Family Time Bird Watching
By Caleb Blake
Many parents face the difficult question of “How do I get my children away from the screens, and get them outside?” I want to tell you about one of the most overlooked and easily accessible sources of outdoor entertainment… birds! Many of us have a vague knowledge of some of the birds that live around us. But how often do we actually stop and admire them? They truly are some of the most fascinating creatures in God’s creation. For example, did you know that birds can see ultraviolet light, or that the Peregrine Falcon is the fastest animal on the planet at 230 mph?! I grew up loving the outdoors, but I was not always as fascinated by birds as I am now. One year, I gave my mother a small bird feeder for Mother’s Day. She would ask me to identify the birds for her, and over time this became a way for us to engage with the outdoors and bond with one another. This experience led to a love for bird watching that exists to this day. I want to offer some helpful tips for getting your children interested in the wonders of bird watching.
1. Start in your own backyard. One of the great things about bird watching is that you do not have to go very far to find them. All you have to do is look right outside of your home. You can see Northern Cardinals, Carolina Chickadees, Red-bellied Woodpeckers, American Goldfinches, and many more – right in your own backyard. Now, if you want to attract more birds to your yard, you can add a simple bird feeder filled with black oil sunflower seeds.
2. Get binoculars and a field guide. A basic pair of binoculars will work just fine, and there are plenty of simple, inexpensive field guides for birds out there. These tools will make getting started in bird watching much easier!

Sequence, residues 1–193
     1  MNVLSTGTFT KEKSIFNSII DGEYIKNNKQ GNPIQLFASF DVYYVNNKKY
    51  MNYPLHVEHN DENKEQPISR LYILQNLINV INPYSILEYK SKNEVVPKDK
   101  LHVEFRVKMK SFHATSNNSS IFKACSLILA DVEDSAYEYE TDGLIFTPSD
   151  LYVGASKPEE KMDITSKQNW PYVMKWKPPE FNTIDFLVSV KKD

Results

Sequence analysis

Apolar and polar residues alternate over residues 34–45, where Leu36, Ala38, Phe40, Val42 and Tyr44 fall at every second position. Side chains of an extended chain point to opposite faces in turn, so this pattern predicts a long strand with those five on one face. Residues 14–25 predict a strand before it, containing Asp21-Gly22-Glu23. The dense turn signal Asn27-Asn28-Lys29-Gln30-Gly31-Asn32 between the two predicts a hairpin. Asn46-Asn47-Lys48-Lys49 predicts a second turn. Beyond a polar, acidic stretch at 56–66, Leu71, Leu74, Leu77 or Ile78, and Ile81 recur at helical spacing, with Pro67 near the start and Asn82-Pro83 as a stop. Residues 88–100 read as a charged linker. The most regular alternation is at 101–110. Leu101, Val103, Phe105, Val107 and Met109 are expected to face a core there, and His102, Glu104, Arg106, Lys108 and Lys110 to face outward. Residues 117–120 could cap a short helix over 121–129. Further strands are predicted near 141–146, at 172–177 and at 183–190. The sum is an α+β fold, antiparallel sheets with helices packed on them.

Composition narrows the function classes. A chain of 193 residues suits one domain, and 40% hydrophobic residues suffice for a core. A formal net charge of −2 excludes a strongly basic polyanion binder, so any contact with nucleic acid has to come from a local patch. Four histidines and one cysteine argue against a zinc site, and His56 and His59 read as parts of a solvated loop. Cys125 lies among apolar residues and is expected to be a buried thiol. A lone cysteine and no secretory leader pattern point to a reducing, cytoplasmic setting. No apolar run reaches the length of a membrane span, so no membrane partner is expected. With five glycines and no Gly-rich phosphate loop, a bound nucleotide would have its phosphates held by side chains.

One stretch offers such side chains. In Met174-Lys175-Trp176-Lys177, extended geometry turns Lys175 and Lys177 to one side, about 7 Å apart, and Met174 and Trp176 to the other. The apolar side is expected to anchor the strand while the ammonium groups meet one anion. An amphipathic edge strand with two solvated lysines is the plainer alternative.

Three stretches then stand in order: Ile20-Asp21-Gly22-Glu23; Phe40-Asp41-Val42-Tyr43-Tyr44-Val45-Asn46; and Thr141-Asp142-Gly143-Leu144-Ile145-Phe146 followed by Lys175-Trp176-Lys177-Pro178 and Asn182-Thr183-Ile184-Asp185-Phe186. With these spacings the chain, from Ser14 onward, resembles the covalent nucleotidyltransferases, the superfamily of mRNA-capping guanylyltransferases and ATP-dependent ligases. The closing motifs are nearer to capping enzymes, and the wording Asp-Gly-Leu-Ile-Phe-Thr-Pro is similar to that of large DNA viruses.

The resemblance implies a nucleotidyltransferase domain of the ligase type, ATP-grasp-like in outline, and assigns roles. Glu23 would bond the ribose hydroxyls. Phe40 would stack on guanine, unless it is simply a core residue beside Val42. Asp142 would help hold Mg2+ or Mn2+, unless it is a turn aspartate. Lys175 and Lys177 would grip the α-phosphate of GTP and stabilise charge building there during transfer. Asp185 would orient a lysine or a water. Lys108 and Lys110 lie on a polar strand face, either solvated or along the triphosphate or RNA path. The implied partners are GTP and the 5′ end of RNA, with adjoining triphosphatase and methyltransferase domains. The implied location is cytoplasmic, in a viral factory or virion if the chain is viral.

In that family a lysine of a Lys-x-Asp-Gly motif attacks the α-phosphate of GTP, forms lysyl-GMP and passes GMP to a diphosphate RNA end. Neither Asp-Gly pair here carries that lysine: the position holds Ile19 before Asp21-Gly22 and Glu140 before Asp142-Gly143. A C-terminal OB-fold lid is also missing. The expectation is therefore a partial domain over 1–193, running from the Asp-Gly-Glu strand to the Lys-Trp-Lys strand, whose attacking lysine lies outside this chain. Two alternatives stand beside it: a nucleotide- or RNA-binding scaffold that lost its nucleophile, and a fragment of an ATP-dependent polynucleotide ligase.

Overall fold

3. Make a game out of it. A great way to get your children interested in bird watching is to make it into a game. You can turn it into a scavenger hunt, bird bingo, or you can make a game out of identifying birdcalls. There are several apps and websites for learning different birdcalls.
4. Participate in bird counts. The Cornell Lab of Ornithology and the National Audubon Society have an annual event called “The Great Backyard Count.” The Cornell Lab of Ornithology also has a program called “Project Feeder Watch.” By participating, you count the birds that you see in your backyard, take a record of them, and turn in the data to the organizations. You can visit their websites for more information on how to participate. It is always fun to see how many different species of birds you can record, and the data you turn in is valuable information for researchers!
5. Make it a family activity. One of the best ways to get your children into bird watching is if you get into it yourself! Help them identify birds, participate in the games and bird counts with them and take them to different parks to look for new species. You will be surprised by how fun of a family activity it can be!
It is important that we teach our children about being good stewards of God’s creation. Bird watching is a fun and simple way that we can introduce our children to the beauty of nature, and spark their interest in caring for the environment. Birds truly are amazing creatures, and watching them in their natural habitat is definitely more entertaining than the television!
Caleb Blake studied Wildlife Ecology and Management at Auburn University, currently lives with his wife and dog in Jackson, MS, and is an avid bird-watcher.